I’ve passed by this plant many times before and I’ve just registered it as ‘a weed’. I should have looked, and seen it was something strange – a birthwort, cousin to A. rotunda I posted a while ago here, but with smaller flowers and stalked leaves. A plant with a long history: there is a fossil record of this family from the Cretaceous (135-65 million years ago – the dinosaur era). It’s not exclusively southern, but native to most of Europe. I wonder if it’s what Ceridwen saw in Godstow.
It likes to be near some water, and I saw it just opposite a stream by the side of a patch of ‘waste ground’ (is there such a thing?) near our vegetable garden in the village. Some who have followed Chaiselongue’s blog Olives and Atichokes will know that this ground has been bought by our Mairie and sold to a developer: there will be a hundred (!) new houses, and this particular patch will be ‘une espace verte’. They’ve done well so far in creating a green space – by bulldozing the area, eliminating orchids, wild fennel, broom, valerian, and wild sweet peas, and installing gravel and street lights. I expect the treated wood planters (with non-native species which will be neglected and die, to be replaced with Coke cans and beer bottles) to arrive next. Will the birthwort at the edge of the area survive? Why do local councils, developers and politicians hate wild green spaces – that is, Nature, – so much? Can we stop using the words weed and waste?
PS – I’ve just found some more of these growing through cracks in the concrete by the same stream – a more hopeful image of nature overcoming ‘development’ (photo by Chaiselongue). Aristolochia is also called pipewort, so I’m glad it grows where we put our hosepipe to siphon water down to the garden! I’m going to write a short piece in Occitan about them for the new twice-yearly Occitan news-sheet. That should give the developers pause for thought.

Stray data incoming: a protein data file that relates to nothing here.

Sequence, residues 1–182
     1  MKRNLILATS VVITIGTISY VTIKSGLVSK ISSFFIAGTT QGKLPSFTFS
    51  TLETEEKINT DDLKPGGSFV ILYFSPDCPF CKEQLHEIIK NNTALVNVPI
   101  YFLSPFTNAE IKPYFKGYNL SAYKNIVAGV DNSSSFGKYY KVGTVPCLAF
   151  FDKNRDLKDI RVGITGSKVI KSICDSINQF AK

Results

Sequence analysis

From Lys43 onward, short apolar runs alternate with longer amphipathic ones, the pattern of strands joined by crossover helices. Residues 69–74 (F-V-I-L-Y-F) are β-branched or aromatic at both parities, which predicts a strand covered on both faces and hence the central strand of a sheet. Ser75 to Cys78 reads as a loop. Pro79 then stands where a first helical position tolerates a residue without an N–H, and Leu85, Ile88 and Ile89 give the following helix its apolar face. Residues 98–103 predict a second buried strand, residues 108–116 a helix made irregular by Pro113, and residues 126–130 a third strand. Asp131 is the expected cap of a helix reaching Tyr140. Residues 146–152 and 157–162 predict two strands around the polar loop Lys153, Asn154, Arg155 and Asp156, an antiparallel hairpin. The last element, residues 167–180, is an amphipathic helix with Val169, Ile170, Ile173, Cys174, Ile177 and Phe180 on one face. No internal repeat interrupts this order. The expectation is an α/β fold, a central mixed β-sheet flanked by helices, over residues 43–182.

PPS – I should remind you all that this plant is poisonous: see the full account here.
So this is a song for plants – and people – not recognised and not properly appreciated: the old Ray Charles song You don’t know me , played by Patricia Barber.
Coming up next: Almodóvar and botany? What?
4 responses to “Aristolochia clematitis – birthwort”
Some words from Gerard Manley Hopkins’s poem Inversnaid –
O let them be left, wildness and wet;
Long live the weeds and the wilderness yet.
We have these words carved on a piece of stone by our front door.
A good motto- but if it was by our garden, I’d have to add:
In this wilderness see LoJ sweat:
His veg need all the help they can get!
Yes this is the one that grows at Godstow
http://www.flickr.com/photos/29320962@N07/3729049796/ (+ poem!)
Great links – I especially liked the second link to Giles Watson’s photostream – the devil seems to have done some of what I’d like to do, but much better! I’ll link to some more of his where there is crossover. I couldn’t make your link to him work, but found the picture by looking through the set at: http://www.flickr.com/photos/29320962@N07/3729049796/in/set-72157608412633180.